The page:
With last week’s match in Kansas City cancelled, Boston may have shown some rust while allowing Samantha Kerr to put the Flash up after six minutes, even if Heather O’Reilly’s quick response evened the scales. Late in the second half, O’Reilly’s dash from her right-wing position through the left channel created the game-winner, the U.S. international recording the first brace in NWSL history.

It’s easy to exaggerate the link between sports and “real life,” but there is a link, one that Lee Billiard and Lisa Cole talked about in the buildup to Saturday’s game. If not for Boston as a whole then for the team and community around it, Saturday’s game was an important return to normalcy. And a winning one.


While O’Reilly recorded the league’s first double, FC Kansas City’s Lauren Cheney (above) was in a giving mood. Dangerous over dead balls all night, Cheney curled a corner kick two yards from the goal line to give Farrelly a far post, 21st minute opener.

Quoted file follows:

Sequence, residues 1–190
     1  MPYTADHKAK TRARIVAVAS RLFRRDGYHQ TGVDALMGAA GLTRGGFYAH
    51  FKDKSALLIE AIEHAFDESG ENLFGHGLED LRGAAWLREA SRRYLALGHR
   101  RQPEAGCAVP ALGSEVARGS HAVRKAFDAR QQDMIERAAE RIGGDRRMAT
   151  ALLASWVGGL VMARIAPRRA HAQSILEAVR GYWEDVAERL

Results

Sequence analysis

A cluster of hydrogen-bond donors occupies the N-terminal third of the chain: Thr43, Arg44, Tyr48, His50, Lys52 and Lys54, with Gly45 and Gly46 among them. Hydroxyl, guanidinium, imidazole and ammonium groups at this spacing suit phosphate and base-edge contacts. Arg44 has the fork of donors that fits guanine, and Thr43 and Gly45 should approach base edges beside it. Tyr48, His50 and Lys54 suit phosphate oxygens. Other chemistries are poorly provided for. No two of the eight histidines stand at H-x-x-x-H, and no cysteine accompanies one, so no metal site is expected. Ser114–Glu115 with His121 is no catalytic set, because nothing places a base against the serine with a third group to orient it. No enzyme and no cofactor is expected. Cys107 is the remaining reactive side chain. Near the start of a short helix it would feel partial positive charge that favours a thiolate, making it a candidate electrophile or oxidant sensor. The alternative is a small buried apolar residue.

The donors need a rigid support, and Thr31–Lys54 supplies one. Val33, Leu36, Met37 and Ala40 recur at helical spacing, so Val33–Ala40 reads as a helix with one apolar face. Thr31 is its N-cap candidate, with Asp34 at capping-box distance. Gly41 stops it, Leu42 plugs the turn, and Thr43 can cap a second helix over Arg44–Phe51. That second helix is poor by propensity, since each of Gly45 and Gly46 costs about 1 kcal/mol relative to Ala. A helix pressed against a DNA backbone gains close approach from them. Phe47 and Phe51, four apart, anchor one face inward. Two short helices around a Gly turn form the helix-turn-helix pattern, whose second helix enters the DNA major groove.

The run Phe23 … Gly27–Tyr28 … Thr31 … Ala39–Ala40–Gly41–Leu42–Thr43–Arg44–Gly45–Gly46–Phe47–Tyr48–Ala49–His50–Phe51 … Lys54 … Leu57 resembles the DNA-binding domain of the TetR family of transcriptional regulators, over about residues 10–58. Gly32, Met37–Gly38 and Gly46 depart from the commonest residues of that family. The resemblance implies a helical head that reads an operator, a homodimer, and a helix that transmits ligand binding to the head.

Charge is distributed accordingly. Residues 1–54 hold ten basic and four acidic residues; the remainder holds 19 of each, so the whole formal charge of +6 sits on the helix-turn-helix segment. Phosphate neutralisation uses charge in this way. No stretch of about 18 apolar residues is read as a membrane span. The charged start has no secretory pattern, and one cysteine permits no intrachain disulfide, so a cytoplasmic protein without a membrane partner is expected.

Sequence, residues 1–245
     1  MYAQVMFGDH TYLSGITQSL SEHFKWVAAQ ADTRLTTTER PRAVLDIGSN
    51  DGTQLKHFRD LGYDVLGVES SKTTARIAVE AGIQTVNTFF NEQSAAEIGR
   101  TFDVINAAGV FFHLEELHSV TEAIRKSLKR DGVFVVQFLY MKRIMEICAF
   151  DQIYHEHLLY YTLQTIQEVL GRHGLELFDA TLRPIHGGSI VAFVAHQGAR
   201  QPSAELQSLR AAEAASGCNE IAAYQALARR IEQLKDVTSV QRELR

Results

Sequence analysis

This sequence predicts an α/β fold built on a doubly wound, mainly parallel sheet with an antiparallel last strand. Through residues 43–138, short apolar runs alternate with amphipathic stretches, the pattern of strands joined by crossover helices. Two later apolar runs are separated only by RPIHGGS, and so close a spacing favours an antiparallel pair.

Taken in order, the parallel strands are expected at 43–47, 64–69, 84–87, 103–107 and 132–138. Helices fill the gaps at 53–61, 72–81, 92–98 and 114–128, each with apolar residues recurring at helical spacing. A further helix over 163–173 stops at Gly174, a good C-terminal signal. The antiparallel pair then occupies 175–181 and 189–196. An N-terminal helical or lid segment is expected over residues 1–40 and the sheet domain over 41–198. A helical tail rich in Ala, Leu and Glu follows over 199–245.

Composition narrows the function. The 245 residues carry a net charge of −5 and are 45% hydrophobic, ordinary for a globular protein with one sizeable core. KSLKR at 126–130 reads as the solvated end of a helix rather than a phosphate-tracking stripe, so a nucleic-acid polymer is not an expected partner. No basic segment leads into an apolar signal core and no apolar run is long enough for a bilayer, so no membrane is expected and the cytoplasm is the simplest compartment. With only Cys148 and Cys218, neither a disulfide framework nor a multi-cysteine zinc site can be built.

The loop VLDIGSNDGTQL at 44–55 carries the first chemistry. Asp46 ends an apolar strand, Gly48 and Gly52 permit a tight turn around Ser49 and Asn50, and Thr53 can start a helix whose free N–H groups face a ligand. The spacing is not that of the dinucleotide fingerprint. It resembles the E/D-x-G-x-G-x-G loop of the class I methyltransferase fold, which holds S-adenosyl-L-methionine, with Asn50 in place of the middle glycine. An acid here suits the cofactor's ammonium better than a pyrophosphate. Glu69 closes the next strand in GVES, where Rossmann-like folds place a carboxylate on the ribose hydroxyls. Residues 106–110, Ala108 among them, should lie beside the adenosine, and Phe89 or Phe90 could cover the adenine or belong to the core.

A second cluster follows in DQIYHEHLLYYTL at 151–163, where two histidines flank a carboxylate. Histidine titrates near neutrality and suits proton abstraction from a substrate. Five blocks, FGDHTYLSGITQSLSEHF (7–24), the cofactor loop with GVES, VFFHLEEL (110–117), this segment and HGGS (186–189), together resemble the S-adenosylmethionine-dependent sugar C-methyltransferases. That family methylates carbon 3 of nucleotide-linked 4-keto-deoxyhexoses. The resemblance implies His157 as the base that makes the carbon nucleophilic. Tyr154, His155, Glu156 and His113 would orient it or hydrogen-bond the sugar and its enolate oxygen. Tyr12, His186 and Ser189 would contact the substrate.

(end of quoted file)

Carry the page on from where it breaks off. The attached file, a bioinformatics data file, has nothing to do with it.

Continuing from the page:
But witness the real gem of Cheney’s night:

(Mark Yesilevskiy graciously made the GIF for us)

Cheney was a target striker in WPS, but in the year-plus since that league closed shop, she’s been converted to a midfielder by the national team, a move made possible by her intelligence and quality on the ball. But to this point, her performances in the middle have been merely acceptable, perhaps the product of a learning curve. She’s been steady, and her versatility allows for a lot of possibilities tactically, but squeezed backward by the national team’s forward surplus, Cheney just hasn’t had as much of an impact in midfield.

On Friday, that showed signs of changing. Beyond her two assists, Cheney showed a command for the game that justified Andonovski’s midfield deployment, assuming the responsibility of being the driving force in midfield. Whether wide left or back in the middle (Kansas City’s interchangeability seeing her move around), Cheney was the week’s best player.

At the time of allocation, there was some speculation Cheney would resume her natural, forward’s position, but after performances like Friday’s, we now have a proof of concept. Lauren Cheney – whether as a wide creator, late-match regista, box-to-boxer or a No. 10 – may have a viable future in midfield.

Also of note: “HAO” did have those two goals, Coco Goodson is a giant (h/t Lauren Barker), Christine Sinclair was again her match’s best player, and don’t forget our unsung hero, below.